exciting experience. Arriving at
Lillooet somewhat late iu the
season, the party fortunately seemed P. (iold as guide, and he
led them lo the headquarters of
Cayoosh creek, the home of the
grizzlies. Ju pursuit after the
third griz.ly the party were 17
hours without food and !) hours
on bruin's track. Mr. Laugwortliy had the sport he came
for, and takes back to France a
hide 8 inches deep with fur.
Lever's Y-Z (Wise Head) Disinfectant
3oap Powder is better than other powders,
as it is1 both soap and disinfectant.     _,4
or Indy in eni-li county to imilinge liusl 1)6X9 for
nn olil established house of solid fiiiHii.i~.l~l~.nd
illg, A straight, boini fide cash sa.liiry ol $18,0(1
paid by check each Wednesday Willi nil expense- direct from headquarters. Motley advanced for expenses.
Manager,210 Caxton Building,Chicago.
Tnke Notice that sixty days after date I, the
undersigned, will apply to the ehief Commissioner of Lands and Works for permission io
purchase tho follow ing described lands in East
Ullooet I Commencing at a North-West post
In the PIlOW Hills, situated on Upper Headman's i reek thence 80 chains East, thence 40
.bains South, thence 80 chains Wesl, thence
40 chains North to the point of commencement,
contalniug 320 acres more or less, for grazing
James M. Ur.n,
Dated at Lillooet, ~.C.   July Sth, 1003.
An  Intei-eatinj.  i'up.r Iteuri  Hrfora   th.
Colonial Institute.
In his paper, "Th© Canadian West
and Northwest,," which was read le-
contly at the meeting of the lloyal
Colonial iisUtute, London, Mr. W.
Albeit Hickman said he did not relieve thot the American invasion involved the slightest danger to British interests, lie had tlie pleas re
of going north in the Saskatchewan
country with a special train containing 166 American cai i.a!i..ts to buy
Canadian land. The train was placarded "Special Train of the Sos-
kat he.van Valley Land Company."
which company bought no le. s titan
one million acres of land. lie had
studied the invading army carefully
and it impressed l.itn that the majority of them appreciated British
institutions, and became good Canadian citi.ens with great rapidity.
He looked upon this investment of
many millions of American money in
Canadian lands as but t'ie forging o<
one moie chain in the alieady existing informal alliance—the Anlo-
American confederation. Figures led
him to the inference that in 15 years
the United States would not be exporting one bushel of win at. All
would be required for home consumption, and her wheat lands woi I 1
all be under cultivation. The United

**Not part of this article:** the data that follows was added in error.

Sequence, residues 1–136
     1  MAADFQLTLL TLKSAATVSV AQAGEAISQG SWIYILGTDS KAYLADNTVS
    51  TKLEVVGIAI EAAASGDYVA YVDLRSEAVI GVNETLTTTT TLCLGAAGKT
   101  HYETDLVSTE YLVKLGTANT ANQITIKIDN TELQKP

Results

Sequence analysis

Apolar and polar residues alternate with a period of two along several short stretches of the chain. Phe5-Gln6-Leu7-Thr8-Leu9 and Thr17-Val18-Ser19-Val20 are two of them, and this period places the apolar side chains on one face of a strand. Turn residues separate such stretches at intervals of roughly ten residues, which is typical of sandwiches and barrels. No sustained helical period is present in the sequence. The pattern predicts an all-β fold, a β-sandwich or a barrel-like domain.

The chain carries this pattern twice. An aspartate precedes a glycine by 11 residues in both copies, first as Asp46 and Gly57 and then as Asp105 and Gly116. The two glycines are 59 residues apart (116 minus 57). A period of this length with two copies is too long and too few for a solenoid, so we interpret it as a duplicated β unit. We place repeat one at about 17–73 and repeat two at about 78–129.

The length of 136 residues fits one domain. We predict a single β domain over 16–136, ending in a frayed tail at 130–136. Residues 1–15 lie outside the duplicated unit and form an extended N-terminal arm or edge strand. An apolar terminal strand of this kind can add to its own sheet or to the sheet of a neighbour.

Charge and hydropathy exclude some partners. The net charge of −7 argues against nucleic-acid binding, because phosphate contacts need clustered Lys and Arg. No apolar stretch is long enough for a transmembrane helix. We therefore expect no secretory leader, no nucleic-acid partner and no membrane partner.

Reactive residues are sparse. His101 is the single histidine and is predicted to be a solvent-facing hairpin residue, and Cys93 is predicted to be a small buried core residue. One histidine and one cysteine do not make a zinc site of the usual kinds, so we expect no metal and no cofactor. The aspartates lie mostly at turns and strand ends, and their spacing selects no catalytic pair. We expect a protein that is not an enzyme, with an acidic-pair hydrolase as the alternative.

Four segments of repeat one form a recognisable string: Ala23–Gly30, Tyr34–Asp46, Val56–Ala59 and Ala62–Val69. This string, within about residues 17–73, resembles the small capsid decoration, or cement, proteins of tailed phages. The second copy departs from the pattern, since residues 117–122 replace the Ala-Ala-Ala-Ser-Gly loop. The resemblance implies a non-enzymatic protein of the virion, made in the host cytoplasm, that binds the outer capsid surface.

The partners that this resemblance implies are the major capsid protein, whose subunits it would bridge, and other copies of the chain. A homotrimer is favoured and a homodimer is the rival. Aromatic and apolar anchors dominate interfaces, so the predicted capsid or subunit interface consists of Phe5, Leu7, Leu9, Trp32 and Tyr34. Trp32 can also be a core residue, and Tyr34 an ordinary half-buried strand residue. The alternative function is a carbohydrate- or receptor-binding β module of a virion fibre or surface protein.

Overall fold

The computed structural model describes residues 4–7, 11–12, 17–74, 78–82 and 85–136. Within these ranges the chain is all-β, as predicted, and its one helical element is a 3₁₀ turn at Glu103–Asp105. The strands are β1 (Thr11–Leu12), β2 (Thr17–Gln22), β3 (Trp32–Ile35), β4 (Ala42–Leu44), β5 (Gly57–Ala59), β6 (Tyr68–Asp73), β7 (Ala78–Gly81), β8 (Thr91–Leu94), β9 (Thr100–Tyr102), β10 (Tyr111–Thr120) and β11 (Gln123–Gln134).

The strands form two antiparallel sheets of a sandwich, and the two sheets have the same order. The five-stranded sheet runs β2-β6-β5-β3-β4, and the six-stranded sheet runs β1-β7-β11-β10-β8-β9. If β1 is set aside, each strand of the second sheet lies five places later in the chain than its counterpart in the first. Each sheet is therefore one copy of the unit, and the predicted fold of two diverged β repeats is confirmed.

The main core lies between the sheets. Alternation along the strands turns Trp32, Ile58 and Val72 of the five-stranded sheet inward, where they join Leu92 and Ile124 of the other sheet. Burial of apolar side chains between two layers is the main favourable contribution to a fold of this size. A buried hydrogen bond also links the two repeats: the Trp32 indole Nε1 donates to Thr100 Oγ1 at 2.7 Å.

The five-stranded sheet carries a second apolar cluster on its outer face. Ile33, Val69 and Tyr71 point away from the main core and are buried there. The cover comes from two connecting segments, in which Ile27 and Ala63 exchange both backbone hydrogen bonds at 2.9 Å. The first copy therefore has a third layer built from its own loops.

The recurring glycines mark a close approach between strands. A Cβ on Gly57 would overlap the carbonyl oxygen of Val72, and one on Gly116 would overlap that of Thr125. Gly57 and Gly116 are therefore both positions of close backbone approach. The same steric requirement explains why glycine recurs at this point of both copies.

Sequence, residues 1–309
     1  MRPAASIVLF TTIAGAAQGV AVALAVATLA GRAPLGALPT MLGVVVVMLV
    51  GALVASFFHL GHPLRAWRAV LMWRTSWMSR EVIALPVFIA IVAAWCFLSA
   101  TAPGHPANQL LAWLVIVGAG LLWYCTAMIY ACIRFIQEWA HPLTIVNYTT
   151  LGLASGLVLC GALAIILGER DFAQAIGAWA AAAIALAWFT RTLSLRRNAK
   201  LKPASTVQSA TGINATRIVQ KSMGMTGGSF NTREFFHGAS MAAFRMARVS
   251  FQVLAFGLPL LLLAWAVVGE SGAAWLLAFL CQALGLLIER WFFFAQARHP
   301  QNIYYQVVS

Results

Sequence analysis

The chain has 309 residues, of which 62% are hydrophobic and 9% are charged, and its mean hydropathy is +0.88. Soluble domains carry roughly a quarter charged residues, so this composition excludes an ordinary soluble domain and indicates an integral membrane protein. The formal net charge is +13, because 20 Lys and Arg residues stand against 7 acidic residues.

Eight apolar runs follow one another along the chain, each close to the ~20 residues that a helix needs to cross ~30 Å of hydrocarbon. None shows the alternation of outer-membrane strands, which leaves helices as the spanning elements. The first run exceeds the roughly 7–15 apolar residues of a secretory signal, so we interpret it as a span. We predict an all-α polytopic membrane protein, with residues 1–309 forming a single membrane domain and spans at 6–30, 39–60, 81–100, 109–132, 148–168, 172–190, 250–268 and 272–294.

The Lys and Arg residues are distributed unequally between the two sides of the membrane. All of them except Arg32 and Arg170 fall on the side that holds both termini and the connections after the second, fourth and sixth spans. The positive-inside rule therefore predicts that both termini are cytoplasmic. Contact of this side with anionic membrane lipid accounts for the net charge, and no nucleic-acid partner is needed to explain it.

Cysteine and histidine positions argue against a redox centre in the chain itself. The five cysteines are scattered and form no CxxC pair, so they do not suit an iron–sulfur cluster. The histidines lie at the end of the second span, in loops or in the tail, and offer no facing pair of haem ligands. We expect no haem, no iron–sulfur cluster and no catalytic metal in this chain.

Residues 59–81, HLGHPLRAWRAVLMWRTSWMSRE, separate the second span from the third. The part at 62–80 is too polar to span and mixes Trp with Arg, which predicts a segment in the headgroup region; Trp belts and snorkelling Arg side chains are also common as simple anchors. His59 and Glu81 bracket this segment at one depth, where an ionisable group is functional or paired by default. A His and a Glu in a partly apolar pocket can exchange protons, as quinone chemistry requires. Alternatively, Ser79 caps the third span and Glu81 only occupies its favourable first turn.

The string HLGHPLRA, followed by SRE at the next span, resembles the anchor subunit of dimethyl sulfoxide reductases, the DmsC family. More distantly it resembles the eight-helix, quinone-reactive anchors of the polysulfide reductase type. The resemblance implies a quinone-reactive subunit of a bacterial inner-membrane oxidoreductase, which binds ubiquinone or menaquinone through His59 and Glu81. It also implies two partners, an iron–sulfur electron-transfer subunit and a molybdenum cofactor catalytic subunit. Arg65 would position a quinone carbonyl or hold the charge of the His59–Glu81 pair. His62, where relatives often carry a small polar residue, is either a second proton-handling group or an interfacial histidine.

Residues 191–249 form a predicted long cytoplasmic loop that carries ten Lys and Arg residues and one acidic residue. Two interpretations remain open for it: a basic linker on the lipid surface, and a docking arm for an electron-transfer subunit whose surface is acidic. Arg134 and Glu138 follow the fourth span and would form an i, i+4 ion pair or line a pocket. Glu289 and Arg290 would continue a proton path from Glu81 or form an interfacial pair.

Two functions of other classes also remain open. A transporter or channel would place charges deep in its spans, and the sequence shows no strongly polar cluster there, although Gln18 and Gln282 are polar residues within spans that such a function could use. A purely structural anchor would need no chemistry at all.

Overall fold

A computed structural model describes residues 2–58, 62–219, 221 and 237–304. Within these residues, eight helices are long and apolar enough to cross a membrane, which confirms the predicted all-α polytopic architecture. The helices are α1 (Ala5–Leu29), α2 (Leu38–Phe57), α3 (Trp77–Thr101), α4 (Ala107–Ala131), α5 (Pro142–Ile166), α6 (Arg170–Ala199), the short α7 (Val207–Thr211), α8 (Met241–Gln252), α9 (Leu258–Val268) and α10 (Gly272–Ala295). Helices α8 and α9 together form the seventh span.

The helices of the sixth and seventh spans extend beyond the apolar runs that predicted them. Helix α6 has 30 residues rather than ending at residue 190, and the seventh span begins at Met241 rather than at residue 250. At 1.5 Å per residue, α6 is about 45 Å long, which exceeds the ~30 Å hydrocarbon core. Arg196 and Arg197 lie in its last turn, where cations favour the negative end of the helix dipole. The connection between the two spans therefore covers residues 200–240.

Kingdom might then look to getting
her wheat supply from t'ie Canadian
pi ins—and much of h;r supply of
meat and dairy prodtce als >. Some
of them who were in that room
would eat bread made from Hour of
wheat grown in the valley of the
Pea'e Kiver as st re as day was day.
Last year the Hudson Bay Com; any
sent a $10,000 roller flour mill i to
Fort Vermillion on the Peace Kher,
and for all he knew some of thein
might have eaten bread from theie
Tlie j.uiisiniiir .'.slate nine litis
opened in (lie Victoria (.ourIts.
Tlie President; of Prnnee is on
ti, visit lo E'ljiinnd.
British merchants think Cnliiidii,
receives more benefits Until she
A ('iin.-idiiin ml ile news service
ii' promised hy the Dominion
Sir Percy (iirouurd, lhe famous
Canadian engineer, is lo marry.
Mr. Fielding will introduce a,
motion giving*, bonus of fl5 a
ton on lead.
War between Turkey and Bulgaria is in ininent.
Select It ailinir tor -tnnrxatiiinUts.
Note: Th* f~llowing seloations from
papets of the southern States appear
in connection with an arti.le In Tho
(llobe of the dale above mentioned,
and entitled "Select Beading for
Slaves—Slaves. The undersigned
keeps constantly on hand a vvell assorted lot of slaves for sale. We will
receive and sell slaves for our friends
on commission. We will pay cash for
20 or 2*"> slaves. We invite our
fiiends and the public generally to
give us a call when they have busi-
ncts in our line, O. F. Hatches &
Co'y, 19.'. (ri'avicr street.
Slaves for Sale. An exceedingly
line assortment of Virginia. nnd
Maryland negroes are offered lor sale,
corner of Esplanade nml Moreau
streets. They were purchased with
care, have .inst arrived, and will give
general satisfaction to buyers. W.
L. Campbell, Slaters old Stand.—
From The Globe of .Ian. 27, 1853.
Novel Way. nf liming Stock.
The latest way of selling stock is
hy measuring with dollar bills. Tho
other day a cow was sold in this
manner and the price determined by
measuring around the animal's body
by $1 bills. It only required 11
bills to encircle the cow, and now
there is one man in East Flnmboro
who will never sell that way again.
Another game is to offer to buy a
horse lor the amount of money required to measure it from the tip of
the nose to the end of thc tail, bul
instead of measuring tip over the
head and along the back, the horses
tail is drawn forward between his
hind legs and his head backward
between his forelegs, and it is found
that the distance between the nose
nnd the tail can sometimes be covered by one bill.
The Vancouvei' Carnegie Library will be opened in a lew weeks.
The I'l-ovincial elections will
probably lake place on Oct.. 3rd.
Mr. ( litill11 ci lain a] | < als to
tin: Colonies for a. united empire.
The Irish land bill has passed
through commit lee.
Kilty persons were injured in a
street, car accident, ad St. I-Oiiis
Inst 1' riday.
The municipal government o~
I'aris has refused   to  allow  any
one to niiikegns there in opposition to the government.
Shninro'-k 111. defeated Sham-
rock 1. hv more Until 31 minutes
ill nil Il-inile beat lo windward,
last Satuaday.
The sockeye salmon have commenced to commenced to run off
Vancouver Island, bul have noli